How Tasmania can lead the world….

Climate Tasmania has developed the presentation below to guide decision makers and members of the public in understanding how Tasmania’s climate legislation could become world leading.


Please click on image to open presentation.

The presentation is in PDF form, is self explanatory and can be viewed in 15 minutes. We welcome opportunities to present our ideas to MPs and organisations who wish to learn more.

Please feel free to contact us.

Media release:

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The Global Climate Emergency in 5 charts

The five charts below have been compiled by members of Climate Tasmania in an effort to distil the climate change challenge in an easy-to-digest form.

(* Just click on images to see them enlarged.)

Global emissions growth since 1850

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Beefing up Tasmania’s climate legislation

This Summer’s weather and bushfire calamities along with the marine heatwave that is debilitating marine habitats and affecting our commercial fisheries have brought to the fore once again Tasmania’s acute vulnerability to climate change and the need for our state to be rapidly adopting best practice responses to the threat of climate disruption.

Climate Tasmania has had a longstanding concern that the ten year old legislation that underpins Tasmania’s response to climate change – The State Actions Act 2008 – is hugely deficient.

During the decade of its existence the Act has served no purpose and is urgently in need of major revision or replacement.

Because the Act is devoid of mandates, nearly all proposed actions by successive state governments have been in the form of temporal policies (sets of action items) that have been immediately shelved upon every change of government administration or responsible minister. This endless policy churn has been the repeated pattern now for over a decade.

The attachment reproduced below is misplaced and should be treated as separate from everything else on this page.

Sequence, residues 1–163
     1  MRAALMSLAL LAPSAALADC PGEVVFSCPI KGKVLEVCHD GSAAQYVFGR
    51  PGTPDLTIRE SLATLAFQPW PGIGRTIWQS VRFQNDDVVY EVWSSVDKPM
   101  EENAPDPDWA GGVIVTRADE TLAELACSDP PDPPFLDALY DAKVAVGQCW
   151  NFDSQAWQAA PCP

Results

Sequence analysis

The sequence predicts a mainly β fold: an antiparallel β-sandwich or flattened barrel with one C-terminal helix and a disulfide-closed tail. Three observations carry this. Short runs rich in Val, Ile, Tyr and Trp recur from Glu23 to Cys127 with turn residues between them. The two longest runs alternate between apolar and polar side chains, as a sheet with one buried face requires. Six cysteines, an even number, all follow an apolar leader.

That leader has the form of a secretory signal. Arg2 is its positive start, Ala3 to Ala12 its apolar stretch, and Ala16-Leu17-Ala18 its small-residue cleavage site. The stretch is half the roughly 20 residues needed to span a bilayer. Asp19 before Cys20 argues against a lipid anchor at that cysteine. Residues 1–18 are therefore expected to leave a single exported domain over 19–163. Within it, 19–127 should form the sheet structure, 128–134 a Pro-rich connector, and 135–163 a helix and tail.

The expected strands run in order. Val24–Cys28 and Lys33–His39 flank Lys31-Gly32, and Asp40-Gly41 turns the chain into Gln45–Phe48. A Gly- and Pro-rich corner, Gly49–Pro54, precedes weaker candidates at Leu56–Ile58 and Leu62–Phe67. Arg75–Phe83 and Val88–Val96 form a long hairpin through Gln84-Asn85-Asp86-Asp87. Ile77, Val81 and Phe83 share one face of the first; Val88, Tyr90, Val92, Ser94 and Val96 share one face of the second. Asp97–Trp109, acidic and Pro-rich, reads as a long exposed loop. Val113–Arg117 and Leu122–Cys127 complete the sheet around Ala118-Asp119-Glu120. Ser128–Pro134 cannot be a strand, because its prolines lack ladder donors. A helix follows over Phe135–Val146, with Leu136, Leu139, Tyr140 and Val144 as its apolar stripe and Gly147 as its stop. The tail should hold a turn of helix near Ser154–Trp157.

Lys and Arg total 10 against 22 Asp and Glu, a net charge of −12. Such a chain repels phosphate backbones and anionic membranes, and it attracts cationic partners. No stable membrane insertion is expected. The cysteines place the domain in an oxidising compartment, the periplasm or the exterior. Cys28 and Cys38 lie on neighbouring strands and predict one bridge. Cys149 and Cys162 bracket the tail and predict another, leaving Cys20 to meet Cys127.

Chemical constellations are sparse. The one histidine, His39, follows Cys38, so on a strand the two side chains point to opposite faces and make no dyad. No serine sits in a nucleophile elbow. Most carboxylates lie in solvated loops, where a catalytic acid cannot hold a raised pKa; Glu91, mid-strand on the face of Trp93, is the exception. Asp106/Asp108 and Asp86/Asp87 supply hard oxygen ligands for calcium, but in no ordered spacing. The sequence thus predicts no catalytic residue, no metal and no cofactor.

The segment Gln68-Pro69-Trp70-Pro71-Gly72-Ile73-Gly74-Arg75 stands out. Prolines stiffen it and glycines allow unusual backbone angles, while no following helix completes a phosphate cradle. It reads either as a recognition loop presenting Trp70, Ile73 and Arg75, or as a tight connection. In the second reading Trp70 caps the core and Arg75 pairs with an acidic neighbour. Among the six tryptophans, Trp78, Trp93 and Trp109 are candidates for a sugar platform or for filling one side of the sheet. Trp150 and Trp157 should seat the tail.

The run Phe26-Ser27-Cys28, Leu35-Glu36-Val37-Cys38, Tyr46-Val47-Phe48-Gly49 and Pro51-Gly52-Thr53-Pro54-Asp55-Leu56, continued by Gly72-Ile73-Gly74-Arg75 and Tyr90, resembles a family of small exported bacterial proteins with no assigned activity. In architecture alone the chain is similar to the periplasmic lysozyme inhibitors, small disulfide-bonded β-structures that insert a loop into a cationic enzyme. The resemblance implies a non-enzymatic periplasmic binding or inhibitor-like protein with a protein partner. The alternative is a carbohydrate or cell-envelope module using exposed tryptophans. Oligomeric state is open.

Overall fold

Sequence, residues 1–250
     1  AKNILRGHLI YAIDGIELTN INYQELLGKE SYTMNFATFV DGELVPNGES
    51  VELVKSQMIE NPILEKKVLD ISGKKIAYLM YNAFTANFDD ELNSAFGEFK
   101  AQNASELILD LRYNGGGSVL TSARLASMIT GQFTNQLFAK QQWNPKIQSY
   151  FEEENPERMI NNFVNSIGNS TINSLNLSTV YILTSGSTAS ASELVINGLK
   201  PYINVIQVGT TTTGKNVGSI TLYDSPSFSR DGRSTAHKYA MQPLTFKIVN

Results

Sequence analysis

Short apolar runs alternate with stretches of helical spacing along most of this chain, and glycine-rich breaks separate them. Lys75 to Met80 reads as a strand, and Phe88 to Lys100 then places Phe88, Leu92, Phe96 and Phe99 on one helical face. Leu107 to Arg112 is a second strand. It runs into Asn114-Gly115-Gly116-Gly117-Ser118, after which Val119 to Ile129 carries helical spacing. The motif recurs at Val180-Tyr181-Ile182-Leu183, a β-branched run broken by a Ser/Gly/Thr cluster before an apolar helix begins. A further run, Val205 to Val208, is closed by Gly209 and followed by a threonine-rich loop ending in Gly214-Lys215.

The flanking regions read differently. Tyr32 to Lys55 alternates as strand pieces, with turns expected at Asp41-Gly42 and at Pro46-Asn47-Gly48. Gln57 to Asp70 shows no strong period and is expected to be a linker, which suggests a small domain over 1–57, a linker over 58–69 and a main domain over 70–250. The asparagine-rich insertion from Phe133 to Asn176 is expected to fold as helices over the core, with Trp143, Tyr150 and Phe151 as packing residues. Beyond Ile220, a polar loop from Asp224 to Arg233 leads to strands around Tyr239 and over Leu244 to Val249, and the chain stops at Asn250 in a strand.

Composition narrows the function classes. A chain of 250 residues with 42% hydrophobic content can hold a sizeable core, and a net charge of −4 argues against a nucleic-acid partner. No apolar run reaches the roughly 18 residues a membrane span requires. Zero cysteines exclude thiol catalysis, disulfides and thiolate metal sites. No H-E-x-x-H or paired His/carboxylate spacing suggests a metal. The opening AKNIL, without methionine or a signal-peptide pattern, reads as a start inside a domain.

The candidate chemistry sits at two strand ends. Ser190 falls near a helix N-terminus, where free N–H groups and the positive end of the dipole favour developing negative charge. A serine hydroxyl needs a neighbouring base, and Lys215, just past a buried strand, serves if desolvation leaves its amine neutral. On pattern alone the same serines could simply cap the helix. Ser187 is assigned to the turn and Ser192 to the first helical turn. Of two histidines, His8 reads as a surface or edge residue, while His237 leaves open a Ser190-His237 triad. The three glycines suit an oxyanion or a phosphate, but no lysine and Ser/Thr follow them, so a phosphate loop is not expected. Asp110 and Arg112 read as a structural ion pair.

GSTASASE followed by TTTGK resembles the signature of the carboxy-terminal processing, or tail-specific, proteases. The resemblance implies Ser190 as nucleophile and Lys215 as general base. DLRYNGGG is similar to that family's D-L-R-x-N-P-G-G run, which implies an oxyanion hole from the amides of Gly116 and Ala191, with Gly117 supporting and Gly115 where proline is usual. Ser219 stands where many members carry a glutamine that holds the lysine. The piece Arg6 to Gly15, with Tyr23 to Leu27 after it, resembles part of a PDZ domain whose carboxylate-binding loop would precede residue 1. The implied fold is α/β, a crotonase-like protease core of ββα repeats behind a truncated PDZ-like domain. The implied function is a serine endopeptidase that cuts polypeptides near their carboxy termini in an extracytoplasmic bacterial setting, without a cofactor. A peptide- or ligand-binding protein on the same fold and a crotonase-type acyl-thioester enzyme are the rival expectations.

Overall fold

Our reform project
In response to these legislative shortcomings Climate Tasmania has taken up reform of the Act as a major project for 2019.

This year presents a timely opportunity for such a re-write, as the Act has to be periodically reviewed and the state government will shortly be tabling a Bill for that purpose. Climate Tasmania’s concern is that the government’s proposed amendments may be well intentioned, but they go nowhere near enough to providing robust climate legislation that provides 1) continuity beyond single terms of government and 2) mandated actions that require follow through.

Climate change has clearly become an issue carrying such serious ramifications for Tasmania’s society, environment and economy that responding to it calls for a unified political response. This, in turn, means a willing and meaningful engagement by all parts of the legislature, including incumbent parties, MPs and the Upper House.

It is with this in mind that mid last year Climate Tasmania wrote to all MPs in both Houses pointing out the above problems and calling for a genuinely cooperative response. After all, if all the parties in the New Zealand parliament can work together to develop climate change legislation, why can’t the members of the Tasmanian Parliament?

All three incumbent parties have replied to our open letter to political leaders and in the ensuing months we have, on their invitation, held meetings with a number of MPs from both Houses to put our case for both need and urgency. We will be pursuing these engagements in coming weeks prior to the issue coming up for debate in the parliament.

This is where we are at now, and in following posts we will be bringing you progress reports and feedback on how the MPs are responding. We are pleased to report that to date we have received very good hearings and hope that this translates into action.

In the meantime, Climate Tasmania members have been compiling a list of administrative areas – such as in planning and pollution control – where there are obvious gaps in the state’s attention to climate change, as well as new ideas for practical regulatory action to reduce emissions. Some of our policy ideas were included as appendices to the open letter and are available at the above link.

In the near future all this will be translated into detailed advice for the drafting of a comprehensive workable new climate Act that Tasmania can be proud of.

* Readers who support our call for the enactment of a comprehensive, detailed, action oriented Act can assist by contacting their representatives in both Houses and telling them of your support and of your expectation that they will work to bring about such legislation.